Conference papers

Crime control and policing in the 21st century

Peter Grabosky
Australian Institute of Criminology

Presented at:
The future and criminology : new solutions for old problems or old solutions for new problems? : 14th annual ANZSOC conference
University of Western Australia, Perth
28-30 September 1999


This paper will explore what society's response to crime will look like in the year 2020. Following a brief discussion of the anticipated criminal environment, and trends which will influence the delivery of public services, the paper will suggest some of the forms which future institutions of crime control are likely to take. In addition to the transformation of Australian police services, the paper will discuss private and non-profit institutions of crime control, and how these will interact with public institutions. The paper will conclude with a discussion of trade-offs between personal safety and individual freedom, and how these will shift over time. It predicts greater societal investment in personal safety at the expense of individual freedom.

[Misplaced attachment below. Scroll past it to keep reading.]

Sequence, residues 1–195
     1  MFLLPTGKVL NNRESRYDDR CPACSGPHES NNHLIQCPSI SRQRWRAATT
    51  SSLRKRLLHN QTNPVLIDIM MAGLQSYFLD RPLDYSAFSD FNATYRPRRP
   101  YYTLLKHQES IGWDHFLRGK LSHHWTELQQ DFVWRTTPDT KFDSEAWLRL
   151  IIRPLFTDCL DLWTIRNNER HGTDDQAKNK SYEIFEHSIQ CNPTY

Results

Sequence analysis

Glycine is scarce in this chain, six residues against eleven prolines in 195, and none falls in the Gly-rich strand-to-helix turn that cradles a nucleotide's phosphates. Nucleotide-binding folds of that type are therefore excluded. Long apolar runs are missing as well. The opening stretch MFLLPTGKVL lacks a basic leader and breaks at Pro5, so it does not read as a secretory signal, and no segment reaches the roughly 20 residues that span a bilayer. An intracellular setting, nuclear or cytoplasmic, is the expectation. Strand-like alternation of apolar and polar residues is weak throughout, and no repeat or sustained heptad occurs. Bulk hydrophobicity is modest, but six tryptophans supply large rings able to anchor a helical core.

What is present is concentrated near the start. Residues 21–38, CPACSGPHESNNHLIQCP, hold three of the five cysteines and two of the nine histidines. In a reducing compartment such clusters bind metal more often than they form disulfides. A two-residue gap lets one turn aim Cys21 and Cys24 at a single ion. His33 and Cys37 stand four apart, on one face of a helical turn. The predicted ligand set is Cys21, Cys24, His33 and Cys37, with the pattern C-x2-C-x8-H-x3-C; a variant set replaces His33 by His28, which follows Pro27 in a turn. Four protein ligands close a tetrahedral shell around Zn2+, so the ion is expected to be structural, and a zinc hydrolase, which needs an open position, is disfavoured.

About the presenter

Peter Grabosky is Director of Research at the Australian Institute of Criminology, where he has worked since 1983. He holds a Ph.D. in Political Science from Northwestern University and has been the author of numerous books and other publications over the last 20 years. Since coming to Australia in 1978, he has written a number of books and articles on criminology and public policy, the most recent of which is Crime in the digital age : controlling telecommunications and cyberspace illegality (Co-authored with Russell G. Smith). He was Foundation Director of the South Australian Office of Crime Statistics (1978-82) and Director of Research for the National Committee on Violence (1988-90). He has held a number of visiting appointments including: the Institute of Comparative Law in Japan, Chuo University (1993); the Australian National University (1993-4); and the Chinese People's Public Security University (1995). In July of 1998 he was elected President of the Australian and New Zealand Society of Criminology.